December 30, 2015
Pelto et al (1989) after a field campaign we mounted in 1985 and 1986 on Jakobshavns Glacier noted that the velocity was essentially the same in the summer of 1964, 1976, 1978, 1985 and 1986. Further we observed that the agreement between surface mass-balance and volume-flux calculations, suggested that “Jakobshavns Isbrae: is almost in a state of equilibrium”. The point of the study was to establish a baseline of velocity before the anticipated acceleration due to warming. This acceleration due to warming happened beginning in 1992 from 20 m/day at the calving front in 1985 to 46 m/day in 2012, comparing the same locations the annual speed increase was 282% from 1992 to 2012 (Joughin et al 2014). The Jakobshavns Isbrae is a tidewater glacier, just south of the glacier the margin of the ice sheet is dominated by a land terminating section that has a different dynamic response to warming.
Tedstone et al (2015) in a paper published in Nature in October noted a decadal reduction in glacier velocity for a land terminating region of the Greenland Ice Sheet. This slow down occurred despite a 50% increase in meltwater production. This is emphasized in the figure above indicating the changes along three transects from green earlier to purple later years. A glacier inhabits a particular topographic environment that establishes the basic flow field. Climate change can affect glacier flow by increasing ice melt, which leads to ice thinning and a consequent reduction in force generating ice deformation and flow. This same ice melt can deliver meltwater to the base of the ice sheet, which can lead to short term increases in basal water pressure that will drive acceleration, the acceleration tends to be short lived. The overall impact of these competing forces is what this study indicates, that just as is the case on alpine glaciers thinning resulting from more melt leads to velocity reductions as a more efficient hydrologic system develops reducing basal water pressure. This same process clearly does not apply to calving tidewater outlet glaciers. Here we examine the changes at the terminus, evidence of thinning and location of moulins on the outlet glacier that flows into a series of lakes, Orpuussit Tasia, along Transect B.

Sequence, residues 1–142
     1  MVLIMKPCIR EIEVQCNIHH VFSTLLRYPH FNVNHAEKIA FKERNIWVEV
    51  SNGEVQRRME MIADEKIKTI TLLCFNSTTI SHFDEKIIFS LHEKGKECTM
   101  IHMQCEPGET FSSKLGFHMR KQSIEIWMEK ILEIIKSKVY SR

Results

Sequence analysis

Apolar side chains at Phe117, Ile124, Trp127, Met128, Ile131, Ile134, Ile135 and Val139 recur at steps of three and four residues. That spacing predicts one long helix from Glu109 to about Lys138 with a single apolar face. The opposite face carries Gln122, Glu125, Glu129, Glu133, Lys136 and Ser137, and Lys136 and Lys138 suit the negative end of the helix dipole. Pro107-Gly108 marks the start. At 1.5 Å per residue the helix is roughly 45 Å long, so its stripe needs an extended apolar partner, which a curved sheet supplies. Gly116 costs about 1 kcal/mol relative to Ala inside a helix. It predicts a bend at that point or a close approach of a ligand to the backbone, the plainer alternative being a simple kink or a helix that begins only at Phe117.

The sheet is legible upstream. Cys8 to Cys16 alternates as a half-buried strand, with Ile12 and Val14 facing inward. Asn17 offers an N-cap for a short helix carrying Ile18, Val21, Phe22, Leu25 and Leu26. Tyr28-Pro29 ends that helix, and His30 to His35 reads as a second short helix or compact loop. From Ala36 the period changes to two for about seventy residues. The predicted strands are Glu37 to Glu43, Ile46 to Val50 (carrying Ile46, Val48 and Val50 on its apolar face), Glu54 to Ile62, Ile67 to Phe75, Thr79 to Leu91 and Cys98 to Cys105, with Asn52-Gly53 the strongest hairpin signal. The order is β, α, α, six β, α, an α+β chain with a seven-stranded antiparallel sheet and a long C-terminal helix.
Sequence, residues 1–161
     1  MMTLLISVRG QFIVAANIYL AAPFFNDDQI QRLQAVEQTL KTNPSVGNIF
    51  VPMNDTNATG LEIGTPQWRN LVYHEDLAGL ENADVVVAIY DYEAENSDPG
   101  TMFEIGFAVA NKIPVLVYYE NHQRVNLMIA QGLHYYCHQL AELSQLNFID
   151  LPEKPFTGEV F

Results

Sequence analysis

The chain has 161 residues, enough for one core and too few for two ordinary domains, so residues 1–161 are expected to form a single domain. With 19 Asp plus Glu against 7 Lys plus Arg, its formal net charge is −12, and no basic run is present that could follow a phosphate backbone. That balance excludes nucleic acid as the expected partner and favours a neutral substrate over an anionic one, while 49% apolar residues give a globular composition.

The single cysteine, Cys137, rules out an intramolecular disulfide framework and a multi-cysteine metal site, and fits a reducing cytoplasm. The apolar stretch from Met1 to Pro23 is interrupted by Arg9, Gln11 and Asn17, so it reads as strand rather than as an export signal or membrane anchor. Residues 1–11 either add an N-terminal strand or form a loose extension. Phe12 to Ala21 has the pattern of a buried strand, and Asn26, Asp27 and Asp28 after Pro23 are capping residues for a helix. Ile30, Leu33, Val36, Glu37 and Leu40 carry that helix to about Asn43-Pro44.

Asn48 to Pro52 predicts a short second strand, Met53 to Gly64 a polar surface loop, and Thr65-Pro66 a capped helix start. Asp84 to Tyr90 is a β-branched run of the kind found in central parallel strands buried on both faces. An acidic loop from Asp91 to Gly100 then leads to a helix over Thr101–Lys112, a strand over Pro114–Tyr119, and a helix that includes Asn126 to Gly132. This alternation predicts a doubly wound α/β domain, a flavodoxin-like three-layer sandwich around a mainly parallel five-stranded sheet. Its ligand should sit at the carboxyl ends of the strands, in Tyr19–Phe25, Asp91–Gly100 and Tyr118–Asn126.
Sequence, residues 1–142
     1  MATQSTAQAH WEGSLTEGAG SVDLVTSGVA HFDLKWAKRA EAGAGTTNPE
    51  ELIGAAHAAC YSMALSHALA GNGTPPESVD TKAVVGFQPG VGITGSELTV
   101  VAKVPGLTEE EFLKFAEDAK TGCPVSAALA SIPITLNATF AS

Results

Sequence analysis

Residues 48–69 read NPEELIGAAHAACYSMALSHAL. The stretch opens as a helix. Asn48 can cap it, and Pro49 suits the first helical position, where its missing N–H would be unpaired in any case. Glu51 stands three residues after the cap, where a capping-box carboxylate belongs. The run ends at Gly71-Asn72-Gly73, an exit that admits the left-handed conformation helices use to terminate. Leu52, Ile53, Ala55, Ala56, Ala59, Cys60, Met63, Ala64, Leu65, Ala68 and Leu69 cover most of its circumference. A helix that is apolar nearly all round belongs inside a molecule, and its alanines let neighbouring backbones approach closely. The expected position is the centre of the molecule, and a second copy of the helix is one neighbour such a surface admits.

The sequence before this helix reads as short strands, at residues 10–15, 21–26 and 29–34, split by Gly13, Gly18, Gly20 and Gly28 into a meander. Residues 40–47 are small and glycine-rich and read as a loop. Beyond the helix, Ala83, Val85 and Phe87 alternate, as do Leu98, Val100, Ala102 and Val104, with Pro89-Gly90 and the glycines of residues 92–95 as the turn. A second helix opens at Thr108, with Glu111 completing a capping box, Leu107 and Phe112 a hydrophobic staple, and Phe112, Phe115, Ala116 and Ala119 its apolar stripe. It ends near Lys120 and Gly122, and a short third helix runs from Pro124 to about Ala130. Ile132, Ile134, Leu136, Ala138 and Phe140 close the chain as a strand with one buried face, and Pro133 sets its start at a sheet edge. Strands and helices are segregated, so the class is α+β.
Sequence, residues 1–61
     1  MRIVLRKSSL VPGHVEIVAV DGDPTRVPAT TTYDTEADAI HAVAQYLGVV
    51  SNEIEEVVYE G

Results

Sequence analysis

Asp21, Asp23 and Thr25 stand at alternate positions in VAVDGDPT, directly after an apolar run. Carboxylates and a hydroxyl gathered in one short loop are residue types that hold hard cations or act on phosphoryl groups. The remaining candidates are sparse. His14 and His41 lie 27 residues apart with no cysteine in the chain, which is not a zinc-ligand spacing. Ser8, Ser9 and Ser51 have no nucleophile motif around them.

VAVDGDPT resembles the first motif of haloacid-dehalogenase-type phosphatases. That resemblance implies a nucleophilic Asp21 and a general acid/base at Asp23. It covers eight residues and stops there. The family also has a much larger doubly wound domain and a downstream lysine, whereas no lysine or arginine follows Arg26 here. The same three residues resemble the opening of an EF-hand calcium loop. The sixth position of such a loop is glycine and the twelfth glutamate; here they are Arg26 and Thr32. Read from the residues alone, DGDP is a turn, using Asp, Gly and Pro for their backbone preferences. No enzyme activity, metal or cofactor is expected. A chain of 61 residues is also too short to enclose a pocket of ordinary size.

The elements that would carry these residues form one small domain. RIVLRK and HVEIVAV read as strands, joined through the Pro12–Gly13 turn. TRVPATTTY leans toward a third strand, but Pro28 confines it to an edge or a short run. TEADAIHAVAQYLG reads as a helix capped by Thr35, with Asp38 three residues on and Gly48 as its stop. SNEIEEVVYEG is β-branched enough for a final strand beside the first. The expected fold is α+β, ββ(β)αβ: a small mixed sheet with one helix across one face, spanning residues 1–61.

Landsat image comparison from 2000 and 2015.
In the comparison of Landsat images above from 2000 and 2015 the expansion of small proglacial lakes is evident at each red arrow, #2 has the greatest expansion. At the yellow arrows thinning is evident at a small lake that is fed by glacier runoff giving it a green sediment laden color, and by 2015 no longer receives meltwater as the ice sheet has thinned below the watershed divide, yielding clearer water which appears darker. The expansion of the end of the medial moraine also indicates thinning. Four bedrock areas emerging from the ice have much greater prominence in 2015 than 2000 purple arrows. This is modest thinning and retreat compared to the Jakobshavn and other large outlet glaciers to the north. The first image below indicates the terminus with red dots in a Google Earth image. The terminus as the proglacial lake #2 is pinned on a two bedrock prominences which should slow retreat. Proglacial lake #3 does not have an evident pinning point, and should retreat back towards the peninsula to the south in the near future. The second image below indicates the supraglacial streams and moulins in a small area of this glacier. The linear nature of many streams indicate they are occupying former crevasse features. Just as in the 1980’s little of the runoff reaches the terminus at the surface, almost all is directed to the base via moulins. Tedstone et al (2015) found that velocity did increase in summer, but declined more in the winter. NASA Landsat and Nasa Earth Observatory provides several excellent figures and explanation of the process in the study area.
Google Earth image indicating ice sheet margin in 2012, red dots.
Google Earth image indicating surface streams and locations of two moulins.